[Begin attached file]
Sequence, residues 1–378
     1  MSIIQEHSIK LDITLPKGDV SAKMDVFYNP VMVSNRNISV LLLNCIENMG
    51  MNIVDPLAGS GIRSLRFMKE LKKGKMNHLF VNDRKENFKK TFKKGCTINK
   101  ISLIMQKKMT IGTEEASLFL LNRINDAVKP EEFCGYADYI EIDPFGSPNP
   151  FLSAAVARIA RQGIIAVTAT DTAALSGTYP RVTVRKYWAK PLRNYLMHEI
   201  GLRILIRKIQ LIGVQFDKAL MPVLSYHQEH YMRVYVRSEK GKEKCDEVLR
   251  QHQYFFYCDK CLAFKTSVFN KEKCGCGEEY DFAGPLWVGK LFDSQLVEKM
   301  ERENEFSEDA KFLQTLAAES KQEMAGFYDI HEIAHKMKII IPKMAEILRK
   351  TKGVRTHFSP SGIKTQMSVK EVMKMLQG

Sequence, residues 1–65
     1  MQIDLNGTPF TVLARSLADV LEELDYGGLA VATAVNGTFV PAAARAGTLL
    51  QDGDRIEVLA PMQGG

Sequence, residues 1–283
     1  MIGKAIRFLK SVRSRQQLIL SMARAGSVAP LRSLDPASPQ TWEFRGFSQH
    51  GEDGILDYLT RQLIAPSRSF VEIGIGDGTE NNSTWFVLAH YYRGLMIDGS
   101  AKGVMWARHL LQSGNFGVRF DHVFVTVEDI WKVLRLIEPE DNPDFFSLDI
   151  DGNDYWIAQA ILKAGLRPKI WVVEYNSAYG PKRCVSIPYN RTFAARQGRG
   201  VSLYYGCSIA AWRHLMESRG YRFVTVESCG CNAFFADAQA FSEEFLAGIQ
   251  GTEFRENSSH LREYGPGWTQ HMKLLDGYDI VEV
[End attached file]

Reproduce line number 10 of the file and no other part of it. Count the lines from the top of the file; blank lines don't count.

Sequence, residues 1–65